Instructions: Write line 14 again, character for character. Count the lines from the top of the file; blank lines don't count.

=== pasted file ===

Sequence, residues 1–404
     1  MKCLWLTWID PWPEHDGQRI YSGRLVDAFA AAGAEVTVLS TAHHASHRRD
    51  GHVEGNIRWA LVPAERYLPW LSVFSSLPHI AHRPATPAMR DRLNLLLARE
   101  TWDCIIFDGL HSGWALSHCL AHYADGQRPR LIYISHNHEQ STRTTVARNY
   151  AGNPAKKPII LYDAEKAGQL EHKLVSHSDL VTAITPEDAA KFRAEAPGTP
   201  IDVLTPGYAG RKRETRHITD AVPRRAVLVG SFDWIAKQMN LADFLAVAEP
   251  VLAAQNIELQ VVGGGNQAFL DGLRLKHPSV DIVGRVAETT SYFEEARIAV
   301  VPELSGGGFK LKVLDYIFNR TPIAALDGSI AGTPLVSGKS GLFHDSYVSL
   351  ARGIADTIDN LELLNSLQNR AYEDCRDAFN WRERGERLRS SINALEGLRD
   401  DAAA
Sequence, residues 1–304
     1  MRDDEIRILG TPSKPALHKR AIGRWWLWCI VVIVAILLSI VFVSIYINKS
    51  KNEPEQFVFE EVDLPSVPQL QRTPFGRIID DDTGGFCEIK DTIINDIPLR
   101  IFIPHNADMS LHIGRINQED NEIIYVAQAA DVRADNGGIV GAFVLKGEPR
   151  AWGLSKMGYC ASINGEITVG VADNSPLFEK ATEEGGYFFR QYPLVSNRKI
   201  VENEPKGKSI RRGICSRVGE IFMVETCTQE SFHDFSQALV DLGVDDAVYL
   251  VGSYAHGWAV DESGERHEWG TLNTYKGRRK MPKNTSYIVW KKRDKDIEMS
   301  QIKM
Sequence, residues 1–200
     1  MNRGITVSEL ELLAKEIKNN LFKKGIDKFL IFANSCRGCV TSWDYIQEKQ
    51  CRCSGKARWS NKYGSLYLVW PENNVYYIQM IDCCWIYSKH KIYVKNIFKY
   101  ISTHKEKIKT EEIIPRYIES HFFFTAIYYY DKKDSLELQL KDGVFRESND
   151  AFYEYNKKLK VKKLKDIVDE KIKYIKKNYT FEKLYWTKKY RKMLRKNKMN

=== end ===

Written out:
   101  IFIPHNADMS LHIGRINQED NEIIYVAQAA DVRADNGGIV GAFVLKGEPR